$ ./zoomto.sh 640x480 384x288 -B 6,8
$ ./zoomto 643x480 384x288 -j 0,2,0,1 -B 6,8
If your input size is a multiple of desired output the script now outputs
a -r option (instead of -B) since its faster than -B
$ ./zoomto.sh 768x512 256x256 -r 2,3
The -j and -Y options generated always align to the nearest n*32 boundary. This means they can be negative (adding black bars). A full featured example:
$ ./zoomto.sh 702x512 638x475 -j 0,-1,0,-1 -B 1,2 -Y 3,1,2,1
|v4l loopback kernel module hacks|
Disclaimer: I just hacked on vloopback, I did not write it. But since the Author http://motion.technolust.cx/vloopback/index.html (dead site) doesn't has responded to my mails I am providing the patches here. So if you use code from here, mail me email@example.com not him.
The project moved from the technolust site to sourceforge, you'll find updated version at http://motion.sourceforge.net and the module at http://motion.sourceforge.net/vloopback/
Fixed a few things in the 0.90 version of this module, especially the
dev_offset insmod parameter and the zero copy mode. Also be more tolerant
to applications who send uninitialized structures.
I tested on a SMP x86 box with 2.4.19 and devfs so your mileage may vary.
Read the unified diff output here: patch-vloopback-0.90
Fetch the gzipped tar file here: vloopback-0.90-tibit.tar.gz
|mplayer vo_v4lw module|
Patch to mplayer-0.90pre6 is vo_v4l-patch-04-09-2002.p1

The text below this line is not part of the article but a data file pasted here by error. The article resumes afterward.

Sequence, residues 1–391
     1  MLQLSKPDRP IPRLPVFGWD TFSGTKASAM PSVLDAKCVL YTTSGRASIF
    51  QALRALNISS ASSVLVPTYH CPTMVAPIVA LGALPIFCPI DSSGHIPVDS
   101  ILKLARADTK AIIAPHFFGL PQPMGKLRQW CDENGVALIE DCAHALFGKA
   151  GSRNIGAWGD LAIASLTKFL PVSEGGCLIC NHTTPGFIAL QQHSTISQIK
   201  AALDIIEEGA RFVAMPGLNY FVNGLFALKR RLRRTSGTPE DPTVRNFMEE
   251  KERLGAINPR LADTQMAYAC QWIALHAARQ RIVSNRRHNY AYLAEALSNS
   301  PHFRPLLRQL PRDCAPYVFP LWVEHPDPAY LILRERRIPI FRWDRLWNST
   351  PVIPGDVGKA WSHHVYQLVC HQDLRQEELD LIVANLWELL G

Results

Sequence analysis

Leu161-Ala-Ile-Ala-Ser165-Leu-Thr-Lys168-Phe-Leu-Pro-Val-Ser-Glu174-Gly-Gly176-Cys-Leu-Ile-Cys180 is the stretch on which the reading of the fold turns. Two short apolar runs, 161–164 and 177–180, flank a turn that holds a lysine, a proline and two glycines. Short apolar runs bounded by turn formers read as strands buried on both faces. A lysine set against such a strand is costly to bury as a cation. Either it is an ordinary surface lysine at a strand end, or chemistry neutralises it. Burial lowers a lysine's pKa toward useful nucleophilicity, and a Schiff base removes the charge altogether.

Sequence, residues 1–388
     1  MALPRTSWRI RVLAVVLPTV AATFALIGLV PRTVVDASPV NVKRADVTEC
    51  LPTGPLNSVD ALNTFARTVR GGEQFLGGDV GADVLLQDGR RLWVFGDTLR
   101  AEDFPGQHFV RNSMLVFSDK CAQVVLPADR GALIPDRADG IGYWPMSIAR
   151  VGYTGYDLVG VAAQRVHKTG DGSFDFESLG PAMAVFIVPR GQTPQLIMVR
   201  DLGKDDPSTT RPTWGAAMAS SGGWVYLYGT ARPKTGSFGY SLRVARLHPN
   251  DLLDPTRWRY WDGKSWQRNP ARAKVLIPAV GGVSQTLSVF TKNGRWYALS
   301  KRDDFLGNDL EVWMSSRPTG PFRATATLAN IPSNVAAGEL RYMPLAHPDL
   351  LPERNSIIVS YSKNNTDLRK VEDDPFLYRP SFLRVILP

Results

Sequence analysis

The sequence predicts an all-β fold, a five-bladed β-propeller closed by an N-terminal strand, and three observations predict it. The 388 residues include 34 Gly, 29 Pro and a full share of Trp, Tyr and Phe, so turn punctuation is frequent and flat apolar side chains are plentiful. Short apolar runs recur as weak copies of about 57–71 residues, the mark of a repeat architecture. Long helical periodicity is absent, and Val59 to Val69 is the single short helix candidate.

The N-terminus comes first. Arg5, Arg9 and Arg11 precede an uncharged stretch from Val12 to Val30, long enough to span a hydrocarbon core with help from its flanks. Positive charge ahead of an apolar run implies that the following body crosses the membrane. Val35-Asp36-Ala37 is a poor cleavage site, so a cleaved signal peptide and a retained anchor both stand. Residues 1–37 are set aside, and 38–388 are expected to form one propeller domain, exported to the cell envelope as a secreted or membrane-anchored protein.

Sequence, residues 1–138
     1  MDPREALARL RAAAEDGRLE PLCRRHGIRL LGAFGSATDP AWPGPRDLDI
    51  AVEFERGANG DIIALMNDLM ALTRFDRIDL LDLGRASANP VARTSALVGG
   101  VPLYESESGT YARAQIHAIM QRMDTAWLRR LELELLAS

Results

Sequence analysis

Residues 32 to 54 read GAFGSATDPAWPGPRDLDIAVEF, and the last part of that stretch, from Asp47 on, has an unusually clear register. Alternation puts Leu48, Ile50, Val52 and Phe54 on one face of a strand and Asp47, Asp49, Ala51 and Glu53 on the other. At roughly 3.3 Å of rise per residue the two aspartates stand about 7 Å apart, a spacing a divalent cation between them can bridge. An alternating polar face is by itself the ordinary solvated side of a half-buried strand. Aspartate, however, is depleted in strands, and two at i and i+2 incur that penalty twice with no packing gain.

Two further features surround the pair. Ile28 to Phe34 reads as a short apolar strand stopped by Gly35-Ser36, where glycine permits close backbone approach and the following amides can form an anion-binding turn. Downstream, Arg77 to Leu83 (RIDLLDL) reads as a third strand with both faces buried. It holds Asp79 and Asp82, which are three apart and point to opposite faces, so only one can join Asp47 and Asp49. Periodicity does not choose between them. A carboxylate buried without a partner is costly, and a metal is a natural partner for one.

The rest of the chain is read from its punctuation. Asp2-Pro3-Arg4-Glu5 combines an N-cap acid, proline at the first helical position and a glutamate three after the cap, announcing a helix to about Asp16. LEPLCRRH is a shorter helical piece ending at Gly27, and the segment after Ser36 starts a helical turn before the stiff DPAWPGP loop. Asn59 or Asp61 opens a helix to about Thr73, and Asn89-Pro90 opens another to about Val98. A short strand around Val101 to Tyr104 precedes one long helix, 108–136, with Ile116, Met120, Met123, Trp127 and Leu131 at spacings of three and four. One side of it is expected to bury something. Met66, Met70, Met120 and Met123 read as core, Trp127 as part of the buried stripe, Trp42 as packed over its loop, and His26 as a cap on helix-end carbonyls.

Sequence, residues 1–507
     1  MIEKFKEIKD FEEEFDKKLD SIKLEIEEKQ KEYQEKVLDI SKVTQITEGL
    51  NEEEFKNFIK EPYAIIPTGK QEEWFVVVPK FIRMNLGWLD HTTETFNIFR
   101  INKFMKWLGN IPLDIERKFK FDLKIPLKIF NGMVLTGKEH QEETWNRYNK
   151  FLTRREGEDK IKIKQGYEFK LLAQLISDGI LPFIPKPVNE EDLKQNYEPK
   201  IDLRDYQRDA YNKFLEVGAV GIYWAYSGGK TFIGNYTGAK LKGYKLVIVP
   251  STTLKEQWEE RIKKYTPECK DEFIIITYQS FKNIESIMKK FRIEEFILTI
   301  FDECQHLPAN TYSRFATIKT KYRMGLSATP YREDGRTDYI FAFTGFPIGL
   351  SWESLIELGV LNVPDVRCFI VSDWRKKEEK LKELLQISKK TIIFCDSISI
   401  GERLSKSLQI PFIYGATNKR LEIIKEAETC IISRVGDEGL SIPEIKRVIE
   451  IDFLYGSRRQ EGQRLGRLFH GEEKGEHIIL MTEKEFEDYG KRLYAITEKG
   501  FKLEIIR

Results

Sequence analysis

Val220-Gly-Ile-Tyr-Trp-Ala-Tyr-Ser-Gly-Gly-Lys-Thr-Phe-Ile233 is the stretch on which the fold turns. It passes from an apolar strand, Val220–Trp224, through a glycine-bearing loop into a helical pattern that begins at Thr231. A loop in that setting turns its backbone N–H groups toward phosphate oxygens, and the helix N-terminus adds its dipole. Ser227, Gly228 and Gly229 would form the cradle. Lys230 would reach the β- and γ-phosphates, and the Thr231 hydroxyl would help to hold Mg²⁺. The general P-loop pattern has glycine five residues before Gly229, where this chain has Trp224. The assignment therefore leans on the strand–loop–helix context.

Quick v4lw loopback howto:
* get the vloopback kernel module from http://motion.technolust.cx/vloopback/index.html or (alternative) my hacked version from this site
- if using my version, you don't need to specify dev_offset.
- untar and compile it
tar xzf vloopback-VERSION.tar.gz && cd vloopback-VERSION make- load the vloopback module
insmod vloopback.o dev_offset=2 pipes=1
- Make the devices accessible
chmod og+rw /dev/v4l/video2 chmod og+rw /dev/v4l/video3
- eventually you have to recompile mplayer to let it see that it can talk v4l.
./configure --enable-v4lwto be sure
- start mplayer
mplayer -vo v4lw movie.avi
- start xawtv, with size parameter
xawtv -c /dev/v4l/video3 -geometry 800x600
- done. easy, isn't it.
- avicap doesn't work yet.
I got mp1e to work with a my hacked vloopback.o, you need to specify the exact size.
- no scaling of video output is possible right now.
- be sure to insmod vloopback with a dev_offset appropriate for your system. If you have a real grabber card (eg. a bttv which is at /dev/v4l/video0) you _HAVE_ to use at least a dev_offset=1 or you'll crash your kernel.
- I am on devfs, if you're not you have to use /dev/video2 instead of /dev/v4l/video2 and may have to create the devices manually. Eg. for video2: mknod c 81 2 /dev/video2
- mplayer will tell you the v4lw output device from which you have to read.
System: 2 * 1GHz Intel PIII (Coppermine) #SMP
MPEG1 at 768x576: mplayer CPU Usage ca. 35%, xawtv 11%
Divx at 512x384: mplayer CPU Usage ca. 20%, xawtv 10%
© 2003 Tilmann Bitterberg, firstname.lastname@example.org